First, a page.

Linear energy transfer (LET) is the average amount of energy a particular radiation imparts to the local medium per unit length; ie: Energy per Length. For radiotherapy, we are normally concerned about small amounts of energy over small distances, so the units we use are keV/μm.
The LET can be calculated by two methods:
- The track average calculates the average energy deposited over a set track length
- The energy average calculates the average distance over which a set amount of energy is deposited
These values are similar for most radiations, but vary greatly with neutrons.
Examples of LET
Some example LETs are:
|Type of Radiation||Energy of Radiation||Linear Energy Transfer|
1.17 - 1.33 MeV
|Neutrons||14 MeV||Track Average
|Neutrons||14 MeV||Energy Average
|Protons||10 MeV||On Entering Phantom
|Protons||10 MeV||At Bragg Peak
From the above table, it can be seen that photons have a low LET (as do electrons, not shown above). Neutrons show variability based on the way LET is measured. Protons have a low LET when they enter the phantom, but give up a lot of energy at the end of their track (the Bragg Peak). Caution must be taken when using LET to describe radiation, as it may be misleading in some circumstances (such as neutrons).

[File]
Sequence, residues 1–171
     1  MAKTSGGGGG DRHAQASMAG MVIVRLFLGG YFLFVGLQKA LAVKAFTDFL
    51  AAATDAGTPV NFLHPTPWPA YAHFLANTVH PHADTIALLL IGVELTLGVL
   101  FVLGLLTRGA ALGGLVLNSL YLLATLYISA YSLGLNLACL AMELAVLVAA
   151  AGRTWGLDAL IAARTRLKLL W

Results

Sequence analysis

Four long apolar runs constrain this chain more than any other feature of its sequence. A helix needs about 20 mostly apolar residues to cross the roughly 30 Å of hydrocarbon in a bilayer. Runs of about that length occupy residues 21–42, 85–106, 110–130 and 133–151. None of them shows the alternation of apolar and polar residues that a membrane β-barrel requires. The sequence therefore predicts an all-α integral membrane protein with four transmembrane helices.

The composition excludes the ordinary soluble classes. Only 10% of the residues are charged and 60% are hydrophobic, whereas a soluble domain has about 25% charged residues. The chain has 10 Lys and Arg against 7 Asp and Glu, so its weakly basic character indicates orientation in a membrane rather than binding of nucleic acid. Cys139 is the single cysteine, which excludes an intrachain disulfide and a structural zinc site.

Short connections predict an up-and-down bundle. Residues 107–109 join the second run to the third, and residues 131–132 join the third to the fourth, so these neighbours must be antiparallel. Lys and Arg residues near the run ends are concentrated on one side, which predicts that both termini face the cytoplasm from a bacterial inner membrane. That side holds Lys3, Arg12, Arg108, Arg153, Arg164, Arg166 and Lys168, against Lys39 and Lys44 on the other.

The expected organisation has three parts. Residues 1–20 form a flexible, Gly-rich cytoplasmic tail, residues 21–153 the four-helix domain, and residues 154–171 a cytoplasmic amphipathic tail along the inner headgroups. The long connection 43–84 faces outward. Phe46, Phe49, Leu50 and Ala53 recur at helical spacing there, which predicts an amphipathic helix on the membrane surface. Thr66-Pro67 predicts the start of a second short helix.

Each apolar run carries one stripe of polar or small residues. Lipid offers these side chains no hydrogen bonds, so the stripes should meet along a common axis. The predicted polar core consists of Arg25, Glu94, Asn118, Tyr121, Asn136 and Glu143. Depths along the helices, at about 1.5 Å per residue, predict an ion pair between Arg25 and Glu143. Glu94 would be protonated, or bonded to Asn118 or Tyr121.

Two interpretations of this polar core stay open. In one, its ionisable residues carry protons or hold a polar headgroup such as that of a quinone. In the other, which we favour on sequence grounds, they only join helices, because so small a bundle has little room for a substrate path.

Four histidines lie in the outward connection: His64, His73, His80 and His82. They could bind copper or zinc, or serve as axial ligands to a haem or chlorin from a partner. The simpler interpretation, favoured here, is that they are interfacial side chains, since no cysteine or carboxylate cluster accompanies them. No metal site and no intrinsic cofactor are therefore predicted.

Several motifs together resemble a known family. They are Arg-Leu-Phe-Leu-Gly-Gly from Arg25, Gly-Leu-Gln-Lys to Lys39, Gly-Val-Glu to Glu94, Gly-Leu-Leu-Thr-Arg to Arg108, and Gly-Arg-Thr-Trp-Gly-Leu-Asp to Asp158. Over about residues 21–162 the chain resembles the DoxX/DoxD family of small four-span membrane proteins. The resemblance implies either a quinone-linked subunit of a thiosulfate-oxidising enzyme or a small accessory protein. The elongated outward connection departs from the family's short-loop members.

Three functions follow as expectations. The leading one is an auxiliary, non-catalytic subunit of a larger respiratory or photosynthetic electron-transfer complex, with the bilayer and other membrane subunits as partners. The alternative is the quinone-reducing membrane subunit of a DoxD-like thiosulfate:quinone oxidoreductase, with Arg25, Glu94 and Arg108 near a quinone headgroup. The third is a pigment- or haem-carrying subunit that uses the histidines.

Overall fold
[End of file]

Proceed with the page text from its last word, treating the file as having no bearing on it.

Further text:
LET and Relative Biological Effectiveness
This will be discussed in a later topic. Relative biological effectiveness compares the effect of a radiation when compared with a test radiation. There is a correlation with LET and RBE; radiation is more effective at causing damage as LET approaches 100 keV/μm, before falling off again. It is thought that over 100 keV/μm, so much energy is deposited in a cell that some of the energy is 'wasted' - also known as overkill. Radiation is wasted on the already dead cell, rather than travelling on to another cell to cause more damage.